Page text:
|Photos||Video & Audio||Blogs||Statistics||Archive||Shop||Mobile|
November 22, 2012
Canterbury captain Peter Fulton cracked 104 off 80 balls to help his team pull off a formidable chase on the final day of a rain-hit match against Wellington in Rangiora. Chasing 303, Fulton brought up his half-century on his 26th delivery and the pace he set allowed Canterbury to reach the target in the 60th over. Fulton, who hit ten fours and two sixes, was supported by half-centuries from Shanan Stewart and Tom Latham, who was unbeaten on 53 off 50 balls when victory was achieved with six wickets in hand.
A chance of a result didn't seem possible after the second day was lost to rain. Wellington resumed their second innings on the fourth morning on 135 for 0, with a lead of 73 and Michael Papps batting on 95. Papps went on to score a double century - 206 off 313 balls - before Wellington declared on 364 for 5, setting Canterbury a daunting target which was ultimately chased down.
Canterbury seamer Andrew Ellis also played an important role in his side's victory, by taking 6 for 58 to dismiss Wellington for 239 in the first innings. Ellis cut through the top and middle order and Wellington were struggling at 126 for 9, before Mark Gillespie and Andy McKay added 113 for the last wicket. Gillespie scored 77 off 63 balls, while McKay made 33.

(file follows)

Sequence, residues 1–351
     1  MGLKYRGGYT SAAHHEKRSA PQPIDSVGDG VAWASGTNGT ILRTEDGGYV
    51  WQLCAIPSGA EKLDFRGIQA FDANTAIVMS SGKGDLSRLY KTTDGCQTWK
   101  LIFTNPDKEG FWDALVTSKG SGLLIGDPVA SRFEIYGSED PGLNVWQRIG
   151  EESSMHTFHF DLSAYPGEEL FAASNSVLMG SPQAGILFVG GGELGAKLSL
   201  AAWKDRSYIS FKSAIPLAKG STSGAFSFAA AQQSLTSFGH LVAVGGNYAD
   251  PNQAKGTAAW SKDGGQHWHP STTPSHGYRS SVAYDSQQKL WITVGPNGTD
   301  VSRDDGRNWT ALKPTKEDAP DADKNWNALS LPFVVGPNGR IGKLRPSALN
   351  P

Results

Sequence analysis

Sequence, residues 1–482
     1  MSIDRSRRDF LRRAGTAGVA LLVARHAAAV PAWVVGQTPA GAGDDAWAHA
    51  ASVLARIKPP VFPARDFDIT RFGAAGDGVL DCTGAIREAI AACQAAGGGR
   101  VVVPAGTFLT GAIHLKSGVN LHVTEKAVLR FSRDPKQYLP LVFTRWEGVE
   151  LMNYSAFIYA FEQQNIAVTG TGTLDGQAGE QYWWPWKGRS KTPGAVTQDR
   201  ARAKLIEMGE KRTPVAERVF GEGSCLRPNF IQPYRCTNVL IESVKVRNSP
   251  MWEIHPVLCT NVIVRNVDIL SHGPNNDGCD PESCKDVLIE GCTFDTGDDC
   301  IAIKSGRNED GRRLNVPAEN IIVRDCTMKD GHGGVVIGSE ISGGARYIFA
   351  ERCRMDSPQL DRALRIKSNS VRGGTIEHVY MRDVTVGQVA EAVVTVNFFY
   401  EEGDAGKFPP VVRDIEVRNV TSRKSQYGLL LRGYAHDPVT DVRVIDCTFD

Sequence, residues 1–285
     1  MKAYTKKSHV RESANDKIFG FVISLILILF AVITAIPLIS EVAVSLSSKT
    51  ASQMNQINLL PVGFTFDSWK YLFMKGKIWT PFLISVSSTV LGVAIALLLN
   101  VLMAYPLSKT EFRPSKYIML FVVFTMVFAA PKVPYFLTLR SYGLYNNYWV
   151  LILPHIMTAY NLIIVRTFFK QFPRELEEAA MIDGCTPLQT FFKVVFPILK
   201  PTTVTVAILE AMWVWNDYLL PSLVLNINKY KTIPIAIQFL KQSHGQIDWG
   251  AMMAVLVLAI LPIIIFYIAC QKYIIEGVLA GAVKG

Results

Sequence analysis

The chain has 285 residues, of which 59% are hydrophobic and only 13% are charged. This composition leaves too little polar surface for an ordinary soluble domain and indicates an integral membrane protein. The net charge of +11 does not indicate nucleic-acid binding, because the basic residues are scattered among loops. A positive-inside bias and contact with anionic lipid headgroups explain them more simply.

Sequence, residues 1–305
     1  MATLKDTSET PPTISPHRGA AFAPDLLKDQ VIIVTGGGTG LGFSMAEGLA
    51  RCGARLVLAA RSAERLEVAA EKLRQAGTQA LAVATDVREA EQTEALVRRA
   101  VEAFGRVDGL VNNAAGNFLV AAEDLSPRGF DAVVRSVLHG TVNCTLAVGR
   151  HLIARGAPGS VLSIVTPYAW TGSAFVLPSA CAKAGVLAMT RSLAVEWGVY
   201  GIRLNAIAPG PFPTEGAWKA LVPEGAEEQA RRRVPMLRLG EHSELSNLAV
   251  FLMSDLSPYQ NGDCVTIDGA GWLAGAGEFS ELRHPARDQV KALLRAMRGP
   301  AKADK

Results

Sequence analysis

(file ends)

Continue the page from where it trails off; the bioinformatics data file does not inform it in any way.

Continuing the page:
That recovery, however, was not enough to prevent Canterbury from taking a first-innings lead of 62. Fulton made 79 and Deam Brownlie 133 to lead their team to 301. In fact, Canterbury were well placed to take a much larger lead - at 187 for 2 - before they collapsed. Gillespie was the best of Wellington's bowlers in the first innings, taking 4 for 74. He took only one more wicket in the second innings, though, and conceded 87 in 14.3 overs, as Wellington were unable to defend 303.
© ESPN Sports Media Ltd.
|Comments have now been closed for this article
After the tragedy of Phillip Hughes' death, this match showed that cricket and life will continue to go on. This time Test cricket dug in and got through to tea.
Virat Kohli's innings on the final day transcended the conditions, the bowlers and his batting partners, and when it was all in vain, he displayed remarkable grace in defeat
The new stand-in captain has the makings of a long-term leader, given his ability to stay ahead of the game
Both batsmen seemingly have buckets of talent at their disposal and the backing of their captains, but soft dismissals relentlessly follow both around the Test arena
The failed gamble of handing Karn Sharma a Test debut despite him having a moderate first-class record means India have to rethink who their spinner will be
Turning your back on a system that the whole cricketing world wants a discussion on, refusing to discuss it because it is not 100%, is not good enough
After a long time we have seen an Indian team and captain enjoy the challenge of trying to overcome stronger opposition in an overseas Test